I still had quite a bit of downtime at work, so this is probably something else I shouldn’t admit, but I actually used to sneak off and play a level or two of the game, and then write on the Trello board all the things that I would need to do to update it.
And during all this as well, I was actually keeping a dev diary, which I’m really glad that I did, because I went back and looked at it before making this podcast, and there’s so many things I’d forgotten about.
Like after the first year, this is another reason why it took a lot longer than I thought to finish. So after the first year, I moved over to using a Mac, because the game was actually going to be an iPhone and iPad game – that was my intention.
It ended up coming out on Android as well, and I kind of started working on a PC version, but never really saw the light of day. But anyway, I moved everything over to the Mac, and it was working okay for a while, and then one day I must have made a change in the code or something, and it completely broken – because I’d saved it, it wouldn’t actually let me revert to a previous version either.
So I basically had to start over from scratch. I could see the code, but I couldn’t actually change anything. So I ended up taking loads of screenshots, and basically restarting the project from the beginning, which was a huge undertaking because like I said, I was already about a year into development at that point.
And it actually took me a long time after that to actually build up the courage to start working on it again. But I’m glad that I did, and I’m glad that I did get it finished in the end.
If you want to see what Super Donuts ended up like, here’s a developers commentary playthrough I recorded – https://youtu.be/ZZupkmVdKS4
Before I finished the game though, I actually did start working on another project, which actually did only take a few weeks to complete. And I kind of made this as a test to understand how to upload things to the Apple Store and how to upload things to Android as well.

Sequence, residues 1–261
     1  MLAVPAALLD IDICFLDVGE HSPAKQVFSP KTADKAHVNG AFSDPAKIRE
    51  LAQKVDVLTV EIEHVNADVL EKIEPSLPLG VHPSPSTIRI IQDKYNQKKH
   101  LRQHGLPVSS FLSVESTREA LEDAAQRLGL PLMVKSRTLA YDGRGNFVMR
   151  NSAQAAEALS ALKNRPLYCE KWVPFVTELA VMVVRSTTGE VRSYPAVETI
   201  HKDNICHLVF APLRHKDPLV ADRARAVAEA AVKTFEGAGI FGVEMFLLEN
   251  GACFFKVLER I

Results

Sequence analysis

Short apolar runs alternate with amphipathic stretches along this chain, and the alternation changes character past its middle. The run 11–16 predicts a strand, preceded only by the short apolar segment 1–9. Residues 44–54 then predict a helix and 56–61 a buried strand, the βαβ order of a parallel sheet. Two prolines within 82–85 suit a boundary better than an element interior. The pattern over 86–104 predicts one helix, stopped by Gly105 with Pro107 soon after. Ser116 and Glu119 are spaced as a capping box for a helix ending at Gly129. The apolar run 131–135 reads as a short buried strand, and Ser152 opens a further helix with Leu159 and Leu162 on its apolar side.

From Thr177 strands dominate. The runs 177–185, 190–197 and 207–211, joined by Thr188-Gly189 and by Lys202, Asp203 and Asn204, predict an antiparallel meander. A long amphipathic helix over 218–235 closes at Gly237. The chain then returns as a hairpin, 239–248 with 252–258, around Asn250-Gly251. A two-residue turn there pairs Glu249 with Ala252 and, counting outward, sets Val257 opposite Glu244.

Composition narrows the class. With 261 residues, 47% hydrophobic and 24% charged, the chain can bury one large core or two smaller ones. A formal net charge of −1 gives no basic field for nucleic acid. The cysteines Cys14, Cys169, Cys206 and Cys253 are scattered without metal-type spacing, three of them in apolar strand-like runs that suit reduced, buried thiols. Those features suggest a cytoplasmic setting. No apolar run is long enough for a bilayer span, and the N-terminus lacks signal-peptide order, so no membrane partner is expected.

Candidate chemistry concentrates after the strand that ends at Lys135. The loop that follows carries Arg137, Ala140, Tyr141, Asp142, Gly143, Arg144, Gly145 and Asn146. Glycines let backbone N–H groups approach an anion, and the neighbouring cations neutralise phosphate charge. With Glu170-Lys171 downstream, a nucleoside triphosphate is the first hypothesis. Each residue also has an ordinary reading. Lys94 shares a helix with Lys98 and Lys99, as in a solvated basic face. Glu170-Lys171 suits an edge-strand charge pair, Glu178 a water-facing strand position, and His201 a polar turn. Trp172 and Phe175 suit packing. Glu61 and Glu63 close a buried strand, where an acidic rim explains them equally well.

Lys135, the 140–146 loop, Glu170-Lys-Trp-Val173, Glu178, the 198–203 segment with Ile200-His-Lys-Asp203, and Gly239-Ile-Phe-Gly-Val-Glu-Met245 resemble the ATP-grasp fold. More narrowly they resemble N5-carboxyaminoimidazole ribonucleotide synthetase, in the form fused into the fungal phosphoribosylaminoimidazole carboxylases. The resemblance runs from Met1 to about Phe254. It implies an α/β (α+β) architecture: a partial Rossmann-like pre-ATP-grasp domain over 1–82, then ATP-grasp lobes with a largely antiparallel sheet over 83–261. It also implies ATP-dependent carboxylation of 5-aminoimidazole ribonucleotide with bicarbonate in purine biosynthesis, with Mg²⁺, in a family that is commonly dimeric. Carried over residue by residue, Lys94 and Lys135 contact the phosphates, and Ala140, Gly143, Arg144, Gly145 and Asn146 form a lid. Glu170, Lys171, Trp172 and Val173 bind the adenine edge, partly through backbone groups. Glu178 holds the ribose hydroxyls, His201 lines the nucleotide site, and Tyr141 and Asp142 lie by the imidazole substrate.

So I’m glad I did make that, and that was a game called Blast Area, which was another game that I came up with during some down time at work.
It’s a really simple game – you’re basically in like a rectangular environment, and you basically have to – I can’t remember which way around it is – but you either have to pop the yellow ones, pop the yellow shapes, and let the red ones go through the barrier, or the other way around.
And you would basically keep going until your barrier got destroyed, or you let too many of a certain color through, or you pressed the wrong color too many times.
It was a really fun game, and unfortunately this is really sad to say, but that game actually got more people playing it than the Super Donuts game that took me three years in the end to finish!
So it goes to show that maybe you shouldn’t put too much effort into a project, and you should probably make a few smaller ones, and they probably will do better in the long run.
Because Blast Area, I think it was a lot easier for people to get to grips with to begin with, because it was such a short game. It was kind of an arcade-style high score chasing game, and it was really fun for me as well to actually check the leaderboards and see if anyone had actually updated the scores on there. So I really enjoyed making and releasing that.
Then a few months after that, Super Donuts finally got released onto iOS and Android, and I gave out all the codes for the Kickstarter backers. And I was so excited! I priced the game at $2.99, which I thought was a really good price because the game actually takes about 5 or 6 hours to complete. So I thought for $2.99 people are getting a lot of value.
But maybe I underestimated the fact that people on mobile don’t actually want to pay for games. So unfortunately outside of friends and family it really only got a few sales, and I lost a lot of money on it. And eventually I had to actually pull it off the store because it wasn’t making any money, and to keep things on the store actually cost me about £130 a year, and I just was not recouping that.
And it wasn’t worth paying for the developer’s license for Android and Apple as well. So that was like an extra $100 and something quid a year on top of that. So I pulled the game off the stores, and it was really really disheartening for me.
I’d put so much hard work into that over the three years that I was developing it, and for basically no one to play it, it was really sad. And it really put me off making games for a while. But I was still quite proud of the final product, and the people that did play it actually said they really enjoyed it.
And although the game’s not actually available to play anymore, you can watch a 100% complete walkthrough of it on my channel. I actually did a commentary video where I played through the entire game and spoke about my ideas behind the levels, and behind all of the how to find all of the secrets in the stages as well. So it’s definitely worth a watch, even though you can’t play the game anymore.
Hopes to Revive Super Donuts